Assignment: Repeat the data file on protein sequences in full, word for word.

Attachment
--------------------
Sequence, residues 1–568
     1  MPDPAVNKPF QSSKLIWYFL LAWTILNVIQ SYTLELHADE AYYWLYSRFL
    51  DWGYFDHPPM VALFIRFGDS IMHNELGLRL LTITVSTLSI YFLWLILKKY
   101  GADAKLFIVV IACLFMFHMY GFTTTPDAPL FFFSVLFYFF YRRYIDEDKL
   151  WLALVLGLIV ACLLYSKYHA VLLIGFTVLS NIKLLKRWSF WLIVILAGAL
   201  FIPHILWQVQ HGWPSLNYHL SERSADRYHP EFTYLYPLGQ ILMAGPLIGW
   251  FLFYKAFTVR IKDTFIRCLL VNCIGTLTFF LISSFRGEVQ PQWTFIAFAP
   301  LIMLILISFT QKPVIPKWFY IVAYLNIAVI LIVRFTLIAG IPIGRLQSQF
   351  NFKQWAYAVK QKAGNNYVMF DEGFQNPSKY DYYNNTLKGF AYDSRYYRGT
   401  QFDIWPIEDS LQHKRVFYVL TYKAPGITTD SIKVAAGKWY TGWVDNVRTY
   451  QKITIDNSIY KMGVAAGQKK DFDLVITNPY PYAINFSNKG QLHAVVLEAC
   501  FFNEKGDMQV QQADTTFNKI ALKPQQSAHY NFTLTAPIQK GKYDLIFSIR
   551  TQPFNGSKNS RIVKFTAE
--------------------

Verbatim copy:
Sequence, residues 1–568
     1  MPDPAVNKPF QSSKLIWYFL LAWTILNVIQ SYTLELHADE AYYWLYSRFL
    51  DWGYFDHPPM VALFIRFGDS IMHNELGLRL LTITVSTLSI YFLWLILKKY
   101  GADAKLFIVV IACLFMFHMY GFTTTPDAPL FFFSVLFYFF YRRYIDEDKL
   151  WLALVLGLIV ACLLYSKYHA VLLIGFTVLS NIKLLKRWSF WLIVILAGAL
   201  FIPHILWQVQ HGWPSLNYHL SERSADRYHP EFTYLYPLGQ ILMAGPLIGW
   251  FLFYKAFTVR IKDTFIRCLL VNCIGTLTFF LISSFRGEVQ PQWTFIAFAP
   301  LIMLILISFT QKPVIPKWFY IVAYLNIAVI LIVRFTLIAG IPIGRLQSQF
   351  NFKQWAYAVK QKAGNNYVMF DEGFQNPSKY DYYNNTLKGF AYDSRYYRGT
   401  QFDIWPIEDS LQHKRVFYVL TYKAPGITTD SIKVAAGKWY TGWVDNVRTY
   451  QKITIDNSIY KMGVAAGQKK DFDLVITNPY PYAINFSNKG QLHAVVLEAC
   501  FFNEKGDMQV QQADTTFNKI ALKPQQSAHY NFTLTAPIQK GKYDLIFSIR
   551  TQPFNGSKNS RIVKFTAE